Rediscovering the Sharp End

Let’s be honest, professional sport climbers are like wild buffalo here in America—we killed them all off by the early 1990s…In the late 1980s and 90s, sport climbing was really popular and growing a ton, and the enthusiasm from professional climbers reflected that. Everyone was wearing lycra, clippin’ bolts at Smith Rocks and Rifle and training like machines for all the competitions. I think the rise of bouldering’s popularity is partly to blame for the fact that only a few guys in the U.S. put their time and energy mainly into sport climbing.

In a recent Rock & Ice interview, my buddy Ethan Pringle talked a little bit about the lack of professional sport climbers in the U.S., and it got me thinking – where do I want to put my energy as a climber?

If you’ve been following along with me at all since I moved to California, I’m sure you’ve noticed a whole lotta bouldering. For a while, it seemed like ropes may become a forgotten discipline, tossed to the side for a shiny new toy.

Not that bouldering was new for me; rather, I’d just never focused on it as an individual pursuit. But that’s what I found myself doing in California – and I was totally psyched on it. Coming back from injury, it was a great way to get strong, and my early gains were really satisfying. I felt powerful again, and it was a nice feeling.

On "The Flake" (V7) in Dale's Camp, Bishop, CA Photo Credit: Matt Haig

On “The Flake” (V7) in Dale’s Camp, Bishop, CA
Photo Credit: Matt Haig

But plateaus seem almost inevitable, especially with me and pebble wrestling. Somewhere along the line, I felt like I hit a wall. Indoors and outdoors, the obvious progress stopped, and my motivation waned as a result. With most of my projects in Bishop, it became difficult to stay focused – the long drive combined with a crazy work load and lack of a car all contributed to my diminishing love affair with bouldering.

Around the same time, however, I got invited to do some sport climbing in Joshua Tree with the legendary Kurt Smith. That was in late January, and the weekend in the park showed me two things: first, that my endurance was atrocious; and two, that tying in on a rope and clipping draws was something I should have never stopped doing.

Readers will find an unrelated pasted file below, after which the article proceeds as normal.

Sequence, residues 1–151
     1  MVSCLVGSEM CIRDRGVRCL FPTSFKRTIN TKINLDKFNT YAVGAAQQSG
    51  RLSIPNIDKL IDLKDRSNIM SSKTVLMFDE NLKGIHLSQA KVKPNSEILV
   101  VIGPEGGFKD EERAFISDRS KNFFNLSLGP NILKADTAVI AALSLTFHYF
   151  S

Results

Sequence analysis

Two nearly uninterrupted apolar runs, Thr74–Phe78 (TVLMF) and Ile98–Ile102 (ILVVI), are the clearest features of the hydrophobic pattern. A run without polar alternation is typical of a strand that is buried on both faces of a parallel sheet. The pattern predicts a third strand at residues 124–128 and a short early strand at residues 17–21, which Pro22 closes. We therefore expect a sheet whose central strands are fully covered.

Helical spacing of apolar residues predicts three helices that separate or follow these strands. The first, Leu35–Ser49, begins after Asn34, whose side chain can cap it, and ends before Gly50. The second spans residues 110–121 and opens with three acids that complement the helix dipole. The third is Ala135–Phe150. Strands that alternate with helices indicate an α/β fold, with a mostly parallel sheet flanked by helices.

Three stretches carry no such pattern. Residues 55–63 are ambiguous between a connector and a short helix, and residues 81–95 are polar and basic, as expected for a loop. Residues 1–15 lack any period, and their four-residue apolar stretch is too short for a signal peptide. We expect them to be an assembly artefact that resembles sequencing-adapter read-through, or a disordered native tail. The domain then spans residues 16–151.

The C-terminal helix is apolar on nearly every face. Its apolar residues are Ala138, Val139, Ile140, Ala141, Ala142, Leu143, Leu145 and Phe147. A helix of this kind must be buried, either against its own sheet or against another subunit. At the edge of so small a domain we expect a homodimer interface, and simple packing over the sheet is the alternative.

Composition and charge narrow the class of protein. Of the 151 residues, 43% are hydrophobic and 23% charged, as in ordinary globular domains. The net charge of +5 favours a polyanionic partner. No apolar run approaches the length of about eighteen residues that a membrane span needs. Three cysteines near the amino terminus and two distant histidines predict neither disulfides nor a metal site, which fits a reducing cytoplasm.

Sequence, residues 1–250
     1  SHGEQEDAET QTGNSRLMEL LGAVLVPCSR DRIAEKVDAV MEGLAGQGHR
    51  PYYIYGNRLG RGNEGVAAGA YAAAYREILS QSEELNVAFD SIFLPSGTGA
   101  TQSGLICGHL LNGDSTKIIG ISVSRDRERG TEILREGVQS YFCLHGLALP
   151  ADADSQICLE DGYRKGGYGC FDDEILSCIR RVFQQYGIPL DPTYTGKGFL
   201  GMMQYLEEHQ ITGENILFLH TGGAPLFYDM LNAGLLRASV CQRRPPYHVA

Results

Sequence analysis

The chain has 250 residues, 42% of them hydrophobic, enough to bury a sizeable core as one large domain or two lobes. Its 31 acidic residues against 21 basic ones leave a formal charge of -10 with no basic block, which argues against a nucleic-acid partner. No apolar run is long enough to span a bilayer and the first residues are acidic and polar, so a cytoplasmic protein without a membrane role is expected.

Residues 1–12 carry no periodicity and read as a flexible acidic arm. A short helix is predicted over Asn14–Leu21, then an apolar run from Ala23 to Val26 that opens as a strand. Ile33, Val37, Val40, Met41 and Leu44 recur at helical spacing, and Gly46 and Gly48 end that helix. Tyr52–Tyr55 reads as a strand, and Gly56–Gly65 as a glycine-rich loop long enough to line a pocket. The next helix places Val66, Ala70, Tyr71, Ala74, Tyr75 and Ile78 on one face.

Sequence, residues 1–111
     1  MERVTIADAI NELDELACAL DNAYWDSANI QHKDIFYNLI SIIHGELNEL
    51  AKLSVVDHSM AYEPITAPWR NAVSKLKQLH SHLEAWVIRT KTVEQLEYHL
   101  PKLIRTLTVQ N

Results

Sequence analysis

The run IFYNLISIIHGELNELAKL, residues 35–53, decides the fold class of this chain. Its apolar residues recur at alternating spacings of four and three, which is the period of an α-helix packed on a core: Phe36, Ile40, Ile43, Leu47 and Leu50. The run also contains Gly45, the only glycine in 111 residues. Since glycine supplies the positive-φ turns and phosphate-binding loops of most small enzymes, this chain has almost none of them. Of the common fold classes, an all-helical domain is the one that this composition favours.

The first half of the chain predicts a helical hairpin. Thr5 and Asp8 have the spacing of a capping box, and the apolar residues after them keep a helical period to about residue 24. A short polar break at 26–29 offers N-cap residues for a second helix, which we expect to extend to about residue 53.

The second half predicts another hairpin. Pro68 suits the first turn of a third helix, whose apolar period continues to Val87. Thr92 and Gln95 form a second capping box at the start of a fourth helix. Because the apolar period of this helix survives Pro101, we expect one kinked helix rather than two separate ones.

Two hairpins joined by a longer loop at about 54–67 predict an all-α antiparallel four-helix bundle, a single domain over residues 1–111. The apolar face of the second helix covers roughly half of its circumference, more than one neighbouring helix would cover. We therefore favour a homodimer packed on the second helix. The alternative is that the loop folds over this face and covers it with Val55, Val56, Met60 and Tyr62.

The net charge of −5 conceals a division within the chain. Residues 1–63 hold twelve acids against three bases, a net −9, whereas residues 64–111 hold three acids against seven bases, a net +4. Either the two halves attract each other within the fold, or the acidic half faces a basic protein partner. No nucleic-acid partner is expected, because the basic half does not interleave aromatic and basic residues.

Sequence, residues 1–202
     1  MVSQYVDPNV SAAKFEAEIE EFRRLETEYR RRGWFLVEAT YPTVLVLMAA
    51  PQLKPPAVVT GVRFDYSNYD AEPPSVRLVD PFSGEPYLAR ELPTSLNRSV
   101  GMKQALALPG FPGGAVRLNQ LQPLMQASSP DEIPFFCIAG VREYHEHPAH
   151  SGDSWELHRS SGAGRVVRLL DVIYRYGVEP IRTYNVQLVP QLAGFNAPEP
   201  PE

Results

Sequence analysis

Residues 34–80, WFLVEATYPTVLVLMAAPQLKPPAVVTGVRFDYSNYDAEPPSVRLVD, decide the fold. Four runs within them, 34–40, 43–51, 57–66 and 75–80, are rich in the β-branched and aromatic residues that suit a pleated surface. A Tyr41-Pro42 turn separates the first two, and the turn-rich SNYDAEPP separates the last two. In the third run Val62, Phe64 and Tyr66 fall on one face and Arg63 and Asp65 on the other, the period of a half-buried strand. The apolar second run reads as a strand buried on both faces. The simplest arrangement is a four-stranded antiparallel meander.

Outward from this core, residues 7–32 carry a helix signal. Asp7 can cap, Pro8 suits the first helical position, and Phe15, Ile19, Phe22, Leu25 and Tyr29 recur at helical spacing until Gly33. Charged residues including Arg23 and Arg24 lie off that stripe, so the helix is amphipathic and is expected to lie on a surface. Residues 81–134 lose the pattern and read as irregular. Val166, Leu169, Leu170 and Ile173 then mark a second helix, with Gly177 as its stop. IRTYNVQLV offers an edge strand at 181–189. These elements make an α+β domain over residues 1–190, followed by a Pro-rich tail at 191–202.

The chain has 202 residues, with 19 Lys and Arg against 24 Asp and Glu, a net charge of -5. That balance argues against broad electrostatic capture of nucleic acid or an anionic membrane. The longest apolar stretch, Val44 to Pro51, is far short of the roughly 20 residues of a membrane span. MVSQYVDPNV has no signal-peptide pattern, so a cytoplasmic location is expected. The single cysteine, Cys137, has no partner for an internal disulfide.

Sport climbing with Kurt Smith in Joshua Tree, California Photo Credit: Veronica Beman

Sport climbing with Kurt Smith in Joshua Tree National Park, California
Photo Credit: Veronica Beman

Getting back on the sharp end felt familiar, comfortable. I was confident. It was exciting. I decided to start committing to sport climbing again.

And here I am, half a year later, more dedicated to the discipline than I have been in a long time. Since then, I trained for and competed at SCS Nationals. After that weekend at Sender One, I was humbled, embarrassed, and motivated to work harder than ever before. I’ve logged more time outside on a rope over the past two months than I have in my entire career beforehand. I sent my first 5.12 outside (something that should’ve happened long ago), I flashed 5.11d, and I fell on the last hard move of a 5.12b on my flash attempt. I continue to push myself in the gym, and I climbed 26 lead climbs of 5.10 or harder for my 26th birthday; I sent every one.

Entering the crux of "Totally Chawsome" (5.12b) in the cave at Big Chief, Tahoe, CA Photo Credit: Alma Esteban

Entering the crux of “Totally Chawsome” (5.12b) at Big Chief, Tahoe, CA
Photo Credit: Alma Esteban

Will I ever be a professional climber making a living off of the sport? Almost 100% definitely not. For me, reducing my focus on bouldering and re-committing to sport is about my own personal satisfaction. I climb because I love the complexity and fluidity of movement, and I feel like I get much more of that on a rope – especially as I start pushing harder grades and subsequently begin exploring more intricate and interesting movements.

It’s been a fun transition back to sport climbing, and I’ve enjoyed every minute of it. Having fantastic partners helps a lot (shout-out to all of you!), as does having quality gyms in which to train. Summertime has been a huge boon for my climbing, and I hope to keep it going as we move into July.

Lowering off of "Raindance" (5.12a) at Big Chief, Tahoe, CA Photo credit: Betsy Dorsett

Lowering off of “Raindance” (5.12a) at Big Chief, Tahoe, CA
Photo Credit: Betsy Dorsett

But I’m realizing that I’ve neglected power…and every now and then I miss the raw burliness and concentrated try-hard of bouldering. I need to do a better job of balancing my climbing and training, and if I want to reach my goals for the next year, I need to get way more organized!

I’m excited to see what the rest of 2014 brings. I’m hoping for big things! Thanks for stopping by and reading this – I wish I could dedicate more time to writing, but it’s just not feasible with the rest of my life right now. I’d rather be out climbing than blogging about it anyways!

Thanks to Skratch Labs for their continued support – I couldn’t do it without you!

26 climbs for my 26th birthday Photo credit: Tabya Sultan

Psyched after 26 climbs for my 26th birthday
Photo Credit: Tabya Sultan


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